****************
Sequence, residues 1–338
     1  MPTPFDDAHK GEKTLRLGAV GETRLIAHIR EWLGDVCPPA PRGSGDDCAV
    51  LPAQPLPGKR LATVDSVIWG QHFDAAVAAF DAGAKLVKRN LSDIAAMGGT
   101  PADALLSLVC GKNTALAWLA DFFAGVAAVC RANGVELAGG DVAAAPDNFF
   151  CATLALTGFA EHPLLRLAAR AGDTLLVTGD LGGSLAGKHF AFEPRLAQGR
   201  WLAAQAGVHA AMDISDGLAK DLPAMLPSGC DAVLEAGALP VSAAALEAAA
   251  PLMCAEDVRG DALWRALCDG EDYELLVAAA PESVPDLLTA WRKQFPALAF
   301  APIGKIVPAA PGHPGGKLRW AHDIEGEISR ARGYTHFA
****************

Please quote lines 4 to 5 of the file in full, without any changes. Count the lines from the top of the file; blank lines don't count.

   101  PADALLSLVC GKNTALAWLA DFFAGVAAVC RANGVELAGG DVAAAPDNFF
   151  CATLALTGFA EHPLLRLAAR AGDTLLVTGD LGGSLAGKHF AFEPRLAQGR